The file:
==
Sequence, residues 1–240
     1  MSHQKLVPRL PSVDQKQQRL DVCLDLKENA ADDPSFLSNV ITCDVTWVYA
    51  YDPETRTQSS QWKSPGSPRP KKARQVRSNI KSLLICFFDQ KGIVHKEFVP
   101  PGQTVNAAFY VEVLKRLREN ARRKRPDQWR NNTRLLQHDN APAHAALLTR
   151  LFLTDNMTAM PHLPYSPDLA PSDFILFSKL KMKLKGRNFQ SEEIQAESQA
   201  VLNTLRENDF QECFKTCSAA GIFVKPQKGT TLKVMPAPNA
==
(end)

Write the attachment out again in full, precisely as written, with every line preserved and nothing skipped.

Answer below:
Sequence, residues 1–240
     1  MSHQKLVPRL PSVDQKQQRL DVCLDLKENA ADDPSFLSNV ITCDVTWVYA
    51  YDPETRTQSS QWKSPGSPRP KKARQVRSNI KSLLICFFDQ KGIVHKEFVP
   101  PGQTVNAAFY VEVLKRLREN ARRKRPDQWR NNTRLLQHDN APAHAALLTR
   151  LFLTDNMTAM PHLPYSPDLA PSDFILFSKL KMKLKGRNFQ SEEIQAESQA
   201  VLNTLRENDF QECFKTCSAA GIFVKPQKGT TLKVMPAPNA